The Swiss Government published on 24 October 2018 the draft bill regarding the revision of its arbitration law, that is, Chapter 12 of the Private International Law Act (PILA). The revision’s stated objectives are to codify the case law of the Swiss Supreme Court, clarify open issues, increase party autonomy, and improve the wording of the PILA so as to make it more user-friendly.
In particular, the draft bill submitted to the Swiss Parliament brings the following changes:
- Clarifications as to the scope of application of Chapter 12 PILA: the international character of a dispute must be assessed by reference to the time of conclusion of the arbitration agreement, rather than to that of the initiation of the arbitral proceedings (in direct deviation from the Swiss Supreme Court’s current case law).
- Clarifications as to the formal requirements for arbitration agreements: pursuant to the draft bill, the arbitration agreement must be concluded in writing or in any other form which allows it to be evidenced by text. It is also specified that the arbitration agreement can be included in unilateral expressions of intent, such as wills or bylaws.
- Competent state courts: cases where an arbitration agreement merely provides for arbitration in “Switzerland” (instead of referring to a specific city or judicial district) can lead to critical issues, in particular when the parties fail to agree on the appointment of the arbitral tribunal. Pursuant to the revised draft, the court first seized is competent to appoint all of the arbitrators (also in multiparty arbitrations).
- Codification of the parties’ duty to object immediately to procedural irregularities: this general principle (well anchored in the jurisprudence of the Swiss Supreme Court) is now enshrined in draft Article 182(4) PILA.
- Direct access of foreign arbitral tribunal(s) or parties to Swiss state courts: enforcing interim or provisional measures can be a difficult (if not impossible) exercise if said measures have been ordered by an arbitral tribunal seated outside of Switzerland. Draft Article 185a PILA helps facilitate such enforcement and allows arbitral tribunals seated outside of Switzerland (or parties to foreign arbitral proceedings) direct access to the Swiss state court at the place where the measure is to be enforced (be it for interim and provisional measures or for the taking of evidence).
- Clarification of the applicable procedure before the juge d’appui: there is currently no express provision, be it in the PILA or in the Swiss Code of Civil Procedure (CPC), stating which procedure applies in a case where the arbitral tribunal or the parties seek the assistance of the competent state court (juge d’appui). Draft Article 251a CPC clarifies that such requests will be dealt with in summary proceedings.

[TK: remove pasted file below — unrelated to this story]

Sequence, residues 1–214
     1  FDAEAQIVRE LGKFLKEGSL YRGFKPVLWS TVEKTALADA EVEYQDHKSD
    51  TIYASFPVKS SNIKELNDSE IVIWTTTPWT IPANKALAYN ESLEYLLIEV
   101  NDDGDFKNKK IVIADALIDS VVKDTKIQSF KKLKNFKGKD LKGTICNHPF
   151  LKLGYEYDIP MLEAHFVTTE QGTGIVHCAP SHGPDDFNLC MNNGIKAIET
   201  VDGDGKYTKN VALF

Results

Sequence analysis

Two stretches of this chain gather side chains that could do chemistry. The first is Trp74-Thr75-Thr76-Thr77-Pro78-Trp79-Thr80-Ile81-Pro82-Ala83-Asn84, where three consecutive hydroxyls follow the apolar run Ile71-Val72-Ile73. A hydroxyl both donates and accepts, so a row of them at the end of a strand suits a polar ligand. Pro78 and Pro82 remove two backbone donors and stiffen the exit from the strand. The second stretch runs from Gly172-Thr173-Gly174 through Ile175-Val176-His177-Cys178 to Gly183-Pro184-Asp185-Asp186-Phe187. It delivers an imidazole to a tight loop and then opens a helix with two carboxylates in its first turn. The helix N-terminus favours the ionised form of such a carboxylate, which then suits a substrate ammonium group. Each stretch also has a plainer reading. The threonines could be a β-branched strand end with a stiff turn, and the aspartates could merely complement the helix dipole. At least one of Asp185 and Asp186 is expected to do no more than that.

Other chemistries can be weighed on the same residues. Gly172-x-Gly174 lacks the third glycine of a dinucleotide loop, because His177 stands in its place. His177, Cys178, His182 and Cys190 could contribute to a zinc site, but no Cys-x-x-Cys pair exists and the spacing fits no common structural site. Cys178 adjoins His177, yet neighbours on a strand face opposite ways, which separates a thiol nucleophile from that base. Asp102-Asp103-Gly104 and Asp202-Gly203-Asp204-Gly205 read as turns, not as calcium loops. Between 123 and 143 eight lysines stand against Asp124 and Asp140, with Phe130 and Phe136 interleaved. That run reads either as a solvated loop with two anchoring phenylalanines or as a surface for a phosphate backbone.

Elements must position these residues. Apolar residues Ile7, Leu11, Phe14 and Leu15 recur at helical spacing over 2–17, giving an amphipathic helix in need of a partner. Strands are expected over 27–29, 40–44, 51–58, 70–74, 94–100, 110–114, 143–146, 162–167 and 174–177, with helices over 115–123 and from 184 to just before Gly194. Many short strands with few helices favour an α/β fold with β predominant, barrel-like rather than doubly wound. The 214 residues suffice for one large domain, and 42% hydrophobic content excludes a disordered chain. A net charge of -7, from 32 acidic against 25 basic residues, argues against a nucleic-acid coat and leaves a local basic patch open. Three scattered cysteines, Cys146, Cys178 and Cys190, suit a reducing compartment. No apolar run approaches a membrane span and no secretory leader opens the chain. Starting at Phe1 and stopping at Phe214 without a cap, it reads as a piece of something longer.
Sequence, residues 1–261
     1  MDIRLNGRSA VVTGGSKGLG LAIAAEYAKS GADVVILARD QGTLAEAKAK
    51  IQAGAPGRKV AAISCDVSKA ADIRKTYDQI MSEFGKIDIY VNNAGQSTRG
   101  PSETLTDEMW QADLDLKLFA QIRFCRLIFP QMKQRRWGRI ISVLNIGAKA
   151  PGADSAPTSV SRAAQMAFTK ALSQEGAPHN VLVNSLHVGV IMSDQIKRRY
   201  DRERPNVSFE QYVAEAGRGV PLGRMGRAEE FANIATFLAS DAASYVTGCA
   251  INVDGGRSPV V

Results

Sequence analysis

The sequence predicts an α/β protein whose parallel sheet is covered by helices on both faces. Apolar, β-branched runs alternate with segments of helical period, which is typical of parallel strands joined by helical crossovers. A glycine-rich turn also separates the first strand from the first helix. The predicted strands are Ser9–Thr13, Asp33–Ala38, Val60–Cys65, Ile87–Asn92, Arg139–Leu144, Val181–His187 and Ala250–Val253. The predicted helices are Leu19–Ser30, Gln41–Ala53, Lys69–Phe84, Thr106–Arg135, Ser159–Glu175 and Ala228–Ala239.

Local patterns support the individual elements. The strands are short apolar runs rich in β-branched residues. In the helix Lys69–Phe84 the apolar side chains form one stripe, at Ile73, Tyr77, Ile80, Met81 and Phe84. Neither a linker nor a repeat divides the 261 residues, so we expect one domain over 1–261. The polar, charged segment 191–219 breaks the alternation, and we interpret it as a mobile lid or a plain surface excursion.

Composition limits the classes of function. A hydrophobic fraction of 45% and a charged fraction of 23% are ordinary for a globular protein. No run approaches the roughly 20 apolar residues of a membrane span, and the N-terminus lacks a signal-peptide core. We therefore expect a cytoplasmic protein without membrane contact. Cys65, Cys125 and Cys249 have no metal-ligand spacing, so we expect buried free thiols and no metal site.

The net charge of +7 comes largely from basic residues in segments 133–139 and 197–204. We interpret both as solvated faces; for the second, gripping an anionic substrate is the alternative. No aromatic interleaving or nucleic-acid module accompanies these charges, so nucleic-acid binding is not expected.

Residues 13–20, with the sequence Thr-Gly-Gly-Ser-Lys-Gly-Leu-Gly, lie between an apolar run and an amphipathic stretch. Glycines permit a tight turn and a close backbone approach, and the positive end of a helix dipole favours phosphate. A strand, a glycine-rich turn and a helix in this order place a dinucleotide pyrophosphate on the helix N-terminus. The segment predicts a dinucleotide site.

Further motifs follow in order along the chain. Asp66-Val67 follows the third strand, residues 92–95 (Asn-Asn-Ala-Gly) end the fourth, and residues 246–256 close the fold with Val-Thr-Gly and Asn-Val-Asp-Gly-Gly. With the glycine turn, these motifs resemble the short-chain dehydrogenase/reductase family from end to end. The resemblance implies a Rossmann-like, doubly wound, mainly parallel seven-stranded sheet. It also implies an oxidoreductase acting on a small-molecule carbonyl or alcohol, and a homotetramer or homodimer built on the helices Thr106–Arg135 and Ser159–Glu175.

- Clearer remedies against arbitral awards: in addition to setting aside, draft Article 189a PILA provides that the parties can apply to the arbitral tribunal within 30 days after the issuance of the award in order to request corrections to, or interpretation of, the award, or to request an additional award on issues that have not been decided by the arbitral tribunal, although they were mentioned in the parties’ prayers for relief. Such applications do not suspend the 30-day deadline to have the award set aside. Finally, draft Article 190a PILA sets out the grounds for revision of an award.
- Applications to set aside an award can be filed in English: as already mentioned in previous posts in February and July 2017, one of the most debated part of the proposed revision was the introduction of an amendment authorising parties to file their setting aside applications with the Swiss Supreme Court in English. Despite the opposition of the Swiss Supreme Court itself, this amendment was nevertheless maintained in the draft bill (see draft Article 77(2bis) of the Swiss Supreme Court Act). It remains to be seen how the Swiss Parliament will eventually decide on this issue.
The changes and clarifications described above provide a welcome update to the Swiss legal framework for international arbitrations. By increasing legal certainty and modernising certain features of Swiss arbitration law, the proposed bill goes a long way toward ensuring that Switzerland remains one of the most attractive arbitral seats in the world.
It should, however, be noted that the Swiss government refused to address, in the draft bill, the scope of the so-called negative effect of the kompetenz-kompetenz principle. According to this principle, a state court faced with an exceptio arbitri argument (that is, the existence of a valid arbitration agreement) must limit its review of the existence of such an arbitration agreement to a prima facie analysis.
According to the Swiss Supreme Court’s case law, this principle applies only when the arbitration is seated in Switzerland. However, the same Supreme Court constantly held that, based on Article II(3) of the New York Convention, Swiss state courts may examine with full power of review the existence of an arbitration agreement when the seat is located outside of Switzerland.
A 2008 parliamentary initiative proposed to abolish this distinction and to limit expressly the scope of review of Swiss state courts to a prima facie analysis, regardless of the seat of arbitration. After observing that the solution adopted by the Swiss Supreme Court was clear and created very few problems in practice, the Swiss government considered it more pragmatic to leave things as they currently are.